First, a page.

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U of U Participates in Scoliosis Research

U of U Participates in Scoliosis Research

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Ashley Hayes ReportingThe University of Utah participated in a study released last month concerning the treatment of scoliosis. Two to three percent of the U.S. population suffers from the disease, which causes curvature of the spine.

Researchers, including University of Utah orthopedists, found waiting too long to have spinal reconstruction surgery creates major complications for scoliosis patients. One of those complications is the threat of paralysis.

U of U Participates in Scoliosis Research

We met with a man who, at age 25, underwent a series of surgeries this past year to fix his spine, despite the risks. He says it was the best decision he ever made.

"Sit up straight" is a phrase most of us hear at least once during childhood. The command sounds simple, but not for scoliosis patient Edward Hensen. He says, "The pain never did go away. It was constant."

X-rays illustrate Hensen's reality for the past 25 years. It's been an excruciating existence.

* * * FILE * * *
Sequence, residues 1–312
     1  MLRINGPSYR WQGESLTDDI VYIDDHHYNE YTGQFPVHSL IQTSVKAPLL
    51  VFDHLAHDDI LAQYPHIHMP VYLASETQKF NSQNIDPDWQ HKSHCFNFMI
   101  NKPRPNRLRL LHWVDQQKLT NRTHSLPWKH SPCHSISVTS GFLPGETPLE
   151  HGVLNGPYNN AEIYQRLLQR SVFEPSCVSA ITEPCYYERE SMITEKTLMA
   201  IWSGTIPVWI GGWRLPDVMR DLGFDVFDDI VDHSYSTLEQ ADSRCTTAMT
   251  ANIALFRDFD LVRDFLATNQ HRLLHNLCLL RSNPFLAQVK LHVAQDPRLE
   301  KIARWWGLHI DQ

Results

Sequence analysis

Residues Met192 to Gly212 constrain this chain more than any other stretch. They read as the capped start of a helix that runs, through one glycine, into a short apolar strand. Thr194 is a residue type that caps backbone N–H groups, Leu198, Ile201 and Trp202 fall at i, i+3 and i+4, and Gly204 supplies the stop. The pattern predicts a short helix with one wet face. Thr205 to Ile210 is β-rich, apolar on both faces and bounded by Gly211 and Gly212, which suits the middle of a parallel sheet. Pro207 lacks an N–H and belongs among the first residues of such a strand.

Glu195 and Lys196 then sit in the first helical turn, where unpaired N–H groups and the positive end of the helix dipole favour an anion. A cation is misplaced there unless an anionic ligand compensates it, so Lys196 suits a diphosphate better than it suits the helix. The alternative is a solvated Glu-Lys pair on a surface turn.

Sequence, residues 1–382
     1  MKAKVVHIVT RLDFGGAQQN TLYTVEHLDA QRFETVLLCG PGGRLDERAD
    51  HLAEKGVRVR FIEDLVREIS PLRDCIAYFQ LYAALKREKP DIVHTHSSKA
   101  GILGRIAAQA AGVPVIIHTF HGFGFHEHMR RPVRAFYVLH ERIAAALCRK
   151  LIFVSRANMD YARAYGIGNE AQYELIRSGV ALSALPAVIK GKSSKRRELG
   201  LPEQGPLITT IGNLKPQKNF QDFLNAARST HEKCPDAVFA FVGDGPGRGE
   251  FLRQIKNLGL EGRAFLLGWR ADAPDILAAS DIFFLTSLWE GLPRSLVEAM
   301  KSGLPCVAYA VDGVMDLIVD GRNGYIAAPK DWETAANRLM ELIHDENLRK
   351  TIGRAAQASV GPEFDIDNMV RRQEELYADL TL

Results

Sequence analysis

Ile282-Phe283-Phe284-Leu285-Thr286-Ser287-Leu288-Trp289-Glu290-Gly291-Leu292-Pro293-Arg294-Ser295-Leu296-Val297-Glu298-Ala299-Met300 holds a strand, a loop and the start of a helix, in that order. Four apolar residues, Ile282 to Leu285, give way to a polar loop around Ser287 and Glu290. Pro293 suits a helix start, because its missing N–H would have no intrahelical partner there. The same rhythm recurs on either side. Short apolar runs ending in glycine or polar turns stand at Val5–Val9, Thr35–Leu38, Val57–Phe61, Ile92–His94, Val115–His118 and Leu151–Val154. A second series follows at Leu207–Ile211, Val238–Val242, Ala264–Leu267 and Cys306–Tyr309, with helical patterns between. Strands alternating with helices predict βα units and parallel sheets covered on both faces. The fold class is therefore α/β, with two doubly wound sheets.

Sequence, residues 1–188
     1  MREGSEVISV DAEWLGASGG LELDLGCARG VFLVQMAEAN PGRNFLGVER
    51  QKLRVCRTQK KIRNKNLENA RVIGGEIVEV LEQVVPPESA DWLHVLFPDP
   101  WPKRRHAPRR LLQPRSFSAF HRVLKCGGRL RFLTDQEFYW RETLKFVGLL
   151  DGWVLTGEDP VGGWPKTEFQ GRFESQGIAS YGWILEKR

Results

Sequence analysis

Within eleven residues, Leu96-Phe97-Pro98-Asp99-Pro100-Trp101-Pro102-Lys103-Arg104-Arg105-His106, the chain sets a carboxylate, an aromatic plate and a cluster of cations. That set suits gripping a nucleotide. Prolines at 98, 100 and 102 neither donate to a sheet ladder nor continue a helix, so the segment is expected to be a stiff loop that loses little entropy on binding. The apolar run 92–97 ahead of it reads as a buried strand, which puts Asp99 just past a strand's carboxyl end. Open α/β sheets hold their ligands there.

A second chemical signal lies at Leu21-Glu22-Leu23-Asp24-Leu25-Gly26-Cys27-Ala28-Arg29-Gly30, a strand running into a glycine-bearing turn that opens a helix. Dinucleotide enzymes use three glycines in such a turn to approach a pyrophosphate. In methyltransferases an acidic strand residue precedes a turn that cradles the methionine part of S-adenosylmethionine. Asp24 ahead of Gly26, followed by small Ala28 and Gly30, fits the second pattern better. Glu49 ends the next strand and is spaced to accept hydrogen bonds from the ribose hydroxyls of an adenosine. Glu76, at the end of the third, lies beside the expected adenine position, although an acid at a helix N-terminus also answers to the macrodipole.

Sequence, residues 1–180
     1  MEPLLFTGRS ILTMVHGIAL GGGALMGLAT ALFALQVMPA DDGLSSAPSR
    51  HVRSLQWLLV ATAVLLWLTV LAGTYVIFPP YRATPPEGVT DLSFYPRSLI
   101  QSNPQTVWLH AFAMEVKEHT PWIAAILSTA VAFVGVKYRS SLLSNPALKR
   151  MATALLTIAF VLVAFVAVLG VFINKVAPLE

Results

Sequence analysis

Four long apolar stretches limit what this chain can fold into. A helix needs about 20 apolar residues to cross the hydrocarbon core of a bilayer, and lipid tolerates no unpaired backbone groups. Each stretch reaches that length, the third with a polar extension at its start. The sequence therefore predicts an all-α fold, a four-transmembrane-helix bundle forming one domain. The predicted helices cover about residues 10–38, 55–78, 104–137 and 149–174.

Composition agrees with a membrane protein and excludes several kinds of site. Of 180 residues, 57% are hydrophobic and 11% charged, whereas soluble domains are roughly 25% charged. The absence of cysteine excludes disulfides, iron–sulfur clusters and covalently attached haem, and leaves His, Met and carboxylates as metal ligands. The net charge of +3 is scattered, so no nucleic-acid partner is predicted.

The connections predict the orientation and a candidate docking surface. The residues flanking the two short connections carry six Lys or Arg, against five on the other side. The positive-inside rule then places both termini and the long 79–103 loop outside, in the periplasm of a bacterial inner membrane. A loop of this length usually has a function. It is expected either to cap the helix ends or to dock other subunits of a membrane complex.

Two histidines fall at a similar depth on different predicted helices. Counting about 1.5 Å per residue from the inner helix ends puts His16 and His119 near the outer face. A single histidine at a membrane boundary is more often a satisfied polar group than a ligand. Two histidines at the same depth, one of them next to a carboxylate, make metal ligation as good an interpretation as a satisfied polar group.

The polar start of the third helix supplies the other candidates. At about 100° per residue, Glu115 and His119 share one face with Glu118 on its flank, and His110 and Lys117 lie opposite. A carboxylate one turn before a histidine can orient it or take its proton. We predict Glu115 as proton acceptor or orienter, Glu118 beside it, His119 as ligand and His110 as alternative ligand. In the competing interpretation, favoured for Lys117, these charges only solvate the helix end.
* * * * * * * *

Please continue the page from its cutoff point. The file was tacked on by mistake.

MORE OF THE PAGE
"There were quite a few times I thought about suicide," he said. "With the pain always there, I had a hard time functioning. I couldn't get my sleep. I'd be up almost all night."

U of U Participates in Scoliosis Research

Mentally it's been equally as challenging.

"Going to school was tough because I had a lot of kids that would make fun of me."

That was all before Hensen went to the University of Utah orthopedic center.

Dr. Michael Daubs works there. He said, "When I first saw Ed I watched him walk in my office. He was so off-balance and his spine was so convoluted I remember thinking, 'How am I going to fix his spine?'"

Hensen suffers from a severe case of scoliosis that developed aggressively during his adolescence.

"We have to try and bring his spine this way," Dr. Daubs explained. "So we actually cut a piece of his bone out and then actually brought his spine over."

Hensen says the surgery went great, despite the fact that he had close to 30 screws and two very long stainless steel rods in his back.

Hensen's got the scars to prove it. But he gladly shows off his new straight back. Hensen has grown five inches from the surgery.

U of U Participates in Scoliosis Research

Now that he can stand upright, he's as tall as his surgeon. It is a thrill for him to be able to look straight in the eyes the man who gave him a new life, one where "sit up straight" is no longer a challenge. Hensen says because of the surgeries he can now walk and drive his car without pain.

Dr. Daubs said at age 25, Hensen's back is far more rigid than an adolescent's spine, which was one of the concerns in operating on him. Daubs says the best way to avoid a case as severe as Hensen's is for parents to pay close attention to their children's backs during adolescence.

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